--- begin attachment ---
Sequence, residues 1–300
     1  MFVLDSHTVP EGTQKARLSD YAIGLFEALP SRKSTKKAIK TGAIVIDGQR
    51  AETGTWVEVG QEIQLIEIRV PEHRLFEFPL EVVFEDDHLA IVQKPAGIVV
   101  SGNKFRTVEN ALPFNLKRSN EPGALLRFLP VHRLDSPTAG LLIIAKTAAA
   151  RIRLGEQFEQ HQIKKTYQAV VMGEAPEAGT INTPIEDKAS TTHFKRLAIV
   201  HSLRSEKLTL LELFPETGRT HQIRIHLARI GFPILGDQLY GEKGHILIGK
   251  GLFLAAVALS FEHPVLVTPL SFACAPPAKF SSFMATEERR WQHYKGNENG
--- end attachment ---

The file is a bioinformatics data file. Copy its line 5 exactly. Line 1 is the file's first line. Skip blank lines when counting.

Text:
   151  RIRLGEQFEQ HQIKKTYQAV VMGEAPEAGT INTPIEDKAS TTHFKRLAIV